ramblings on PHP, SQL, the web, politics, ultimate frisbee and what else is on in my life
Brief rambling about locales in RDBMS
Ok, here is something I wish I could travel back in time and shoot who ever decided it would be smart to make RDBMS locale dependent. As in crap like different decimal separators or worse yet date formats. If at all leave this work to the client, but better yet leave it to the frontend. Today I went through a bit of work until I finally figured out that in order to have SQL Server understand an ISO date (running against a DB configured as German), I needed to set the dateformat in the connection session with a query like "SET DATEFORMAT ymd". You might be wondering about the fact that "ymd" doesn't look very ISO date, but all it actually tells SQL Server is that the numbers between the separators are to denote year first, month second and day third. What really ticks me off though is that I once again forgot to look at the number one source for making RDBMS portable with PHP: the MDB2 source code. Its all right there .. *sigh*
Seven things - tagged by a bunch of people
I have been tagged by numerous people (Marcus, Lars, Mark and probably a few others .. just too man people playing along!).
PDO test suite
A while back I announced on the PDO mailinglist that I would review the tests the mysqlnd team wrote. These tests are currently MySQL specific and I was hoping that we could adopt them for the other drivers. I spend less time than I originally envisioned on the review, mostly because the last 2 months were a bit more exhausting at work than I had anticipated. So I ended up sleeping more and working less. Anyways, at this point it seems to me like the tests themselves are too MySQL specific to be easily portable to other RDBMS and that the time is therefore better spend simply writing new tests and using the mysqlnd tests as inspiration. However, I feel like the current structure of the test suite is not optimal yet, though I might not fully grasp the current approach.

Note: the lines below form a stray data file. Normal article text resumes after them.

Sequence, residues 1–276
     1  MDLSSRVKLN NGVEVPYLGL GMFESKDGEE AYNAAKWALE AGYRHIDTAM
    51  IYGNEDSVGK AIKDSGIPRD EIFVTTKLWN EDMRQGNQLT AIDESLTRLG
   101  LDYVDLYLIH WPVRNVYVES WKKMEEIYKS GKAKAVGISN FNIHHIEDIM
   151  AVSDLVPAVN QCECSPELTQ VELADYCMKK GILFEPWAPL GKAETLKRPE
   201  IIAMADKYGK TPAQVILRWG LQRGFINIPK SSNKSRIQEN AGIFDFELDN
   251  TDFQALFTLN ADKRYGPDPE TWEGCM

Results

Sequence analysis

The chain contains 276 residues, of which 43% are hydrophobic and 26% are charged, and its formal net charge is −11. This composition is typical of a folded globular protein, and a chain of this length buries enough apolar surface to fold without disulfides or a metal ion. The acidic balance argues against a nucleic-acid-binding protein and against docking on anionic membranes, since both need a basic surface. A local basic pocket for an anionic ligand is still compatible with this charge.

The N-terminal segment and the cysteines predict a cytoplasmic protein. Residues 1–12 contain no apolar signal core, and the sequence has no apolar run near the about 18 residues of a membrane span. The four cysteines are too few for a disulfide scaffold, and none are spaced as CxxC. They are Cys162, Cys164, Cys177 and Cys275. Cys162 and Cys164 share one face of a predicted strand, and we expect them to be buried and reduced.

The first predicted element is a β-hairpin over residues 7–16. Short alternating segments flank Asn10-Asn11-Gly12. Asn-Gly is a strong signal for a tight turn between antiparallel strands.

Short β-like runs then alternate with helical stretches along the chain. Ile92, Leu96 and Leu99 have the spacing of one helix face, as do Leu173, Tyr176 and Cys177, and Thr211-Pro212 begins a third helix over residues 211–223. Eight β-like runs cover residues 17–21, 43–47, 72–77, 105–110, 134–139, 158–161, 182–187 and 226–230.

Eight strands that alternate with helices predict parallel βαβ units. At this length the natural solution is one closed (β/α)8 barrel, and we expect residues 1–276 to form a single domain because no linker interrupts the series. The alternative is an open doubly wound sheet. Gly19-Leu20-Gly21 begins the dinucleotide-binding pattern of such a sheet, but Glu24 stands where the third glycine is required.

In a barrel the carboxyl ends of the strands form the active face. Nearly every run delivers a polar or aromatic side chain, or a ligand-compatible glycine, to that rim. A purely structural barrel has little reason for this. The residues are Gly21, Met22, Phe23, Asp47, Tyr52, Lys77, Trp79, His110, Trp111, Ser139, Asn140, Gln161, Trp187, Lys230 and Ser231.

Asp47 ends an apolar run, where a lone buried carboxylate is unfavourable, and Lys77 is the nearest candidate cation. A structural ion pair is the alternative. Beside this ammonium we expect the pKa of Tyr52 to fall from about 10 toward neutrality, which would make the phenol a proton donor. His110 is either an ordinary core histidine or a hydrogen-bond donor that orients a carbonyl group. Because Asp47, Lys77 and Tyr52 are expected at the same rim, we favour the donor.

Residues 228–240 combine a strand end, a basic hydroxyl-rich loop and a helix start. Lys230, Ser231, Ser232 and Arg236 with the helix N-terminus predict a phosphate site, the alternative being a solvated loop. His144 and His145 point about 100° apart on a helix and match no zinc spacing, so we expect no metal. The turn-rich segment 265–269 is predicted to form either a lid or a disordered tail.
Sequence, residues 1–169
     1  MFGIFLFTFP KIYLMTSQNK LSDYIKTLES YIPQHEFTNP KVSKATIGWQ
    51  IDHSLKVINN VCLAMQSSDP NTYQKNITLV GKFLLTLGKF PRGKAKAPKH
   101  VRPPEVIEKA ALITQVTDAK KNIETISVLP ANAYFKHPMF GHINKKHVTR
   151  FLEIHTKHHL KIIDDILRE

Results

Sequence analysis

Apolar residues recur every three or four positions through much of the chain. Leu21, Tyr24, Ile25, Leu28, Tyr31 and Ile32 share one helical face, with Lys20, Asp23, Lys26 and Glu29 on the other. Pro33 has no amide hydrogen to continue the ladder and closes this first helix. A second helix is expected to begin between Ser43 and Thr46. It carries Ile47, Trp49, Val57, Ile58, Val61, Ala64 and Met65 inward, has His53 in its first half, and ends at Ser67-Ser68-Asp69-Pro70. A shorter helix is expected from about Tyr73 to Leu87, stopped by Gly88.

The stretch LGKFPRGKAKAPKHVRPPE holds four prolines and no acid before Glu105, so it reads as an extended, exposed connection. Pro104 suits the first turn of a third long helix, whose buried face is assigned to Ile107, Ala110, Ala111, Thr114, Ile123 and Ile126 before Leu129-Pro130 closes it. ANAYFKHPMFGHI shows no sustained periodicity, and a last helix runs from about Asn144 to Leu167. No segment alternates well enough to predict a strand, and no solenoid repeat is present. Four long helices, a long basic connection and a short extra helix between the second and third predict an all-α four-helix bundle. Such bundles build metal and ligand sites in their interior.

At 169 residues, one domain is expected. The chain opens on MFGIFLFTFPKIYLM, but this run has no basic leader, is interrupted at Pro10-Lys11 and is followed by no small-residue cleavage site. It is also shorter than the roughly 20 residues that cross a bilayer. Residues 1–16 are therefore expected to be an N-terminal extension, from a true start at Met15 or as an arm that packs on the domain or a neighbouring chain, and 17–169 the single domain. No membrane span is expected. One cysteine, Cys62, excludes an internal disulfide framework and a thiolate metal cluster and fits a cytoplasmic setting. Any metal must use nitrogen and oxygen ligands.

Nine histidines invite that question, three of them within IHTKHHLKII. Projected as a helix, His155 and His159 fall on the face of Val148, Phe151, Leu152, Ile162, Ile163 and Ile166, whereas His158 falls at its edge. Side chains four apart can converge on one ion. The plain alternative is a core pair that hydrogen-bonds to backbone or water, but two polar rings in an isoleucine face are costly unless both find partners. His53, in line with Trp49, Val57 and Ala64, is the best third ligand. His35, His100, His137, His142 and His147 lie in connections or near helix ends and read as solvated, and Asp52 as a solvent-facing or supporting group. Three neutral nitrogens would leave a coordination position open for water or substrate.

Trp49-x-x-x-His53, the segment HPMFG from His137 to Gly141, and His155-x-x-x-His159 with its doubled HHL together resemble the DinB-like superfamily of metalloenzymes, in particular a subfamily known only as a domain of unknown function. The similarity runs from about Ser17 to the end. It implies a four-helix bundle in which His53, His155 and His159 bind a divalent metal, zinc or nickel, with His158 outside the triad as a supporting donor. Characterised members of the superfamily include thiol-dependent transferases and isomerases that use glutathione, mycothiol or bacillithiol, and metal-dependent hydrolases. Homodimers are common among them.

My advice to the database division at Sun
More and more people are lending advice to the MySQL guys at Sun (not even mentioning the level of fact based slapping its getting along the way). I think there is one important thing missing in this advice, Sun has its feet in 3 RDBMS products: MySQL, Drizzle and PostgreSQL. Even if they paid a 1B USD for the first, the other two are important to remember as well. Actually Drizzle is mentioned a lot in this advice, but PostgreSQL is oddly absent. IMHO MySQL serves a market quite perfectly at this point and I do not see this changing in the next few years.
Anyone played with SQL Relay?
Since I recently stumbled over issues with persistent connections I got reminded once again about SQL Relay. Not really a solution to my problems, since SQL Relay will not magically clean up open transactions (or does it?). However it would help reduce the number of open connections while still getting rid of most the connection overhead. Then again at peak times it might not reduce the number of connections all that much and at low traffic times I guess the main benefit is that one can have more spare children hanging around without clogging up the DB with lots of open connections.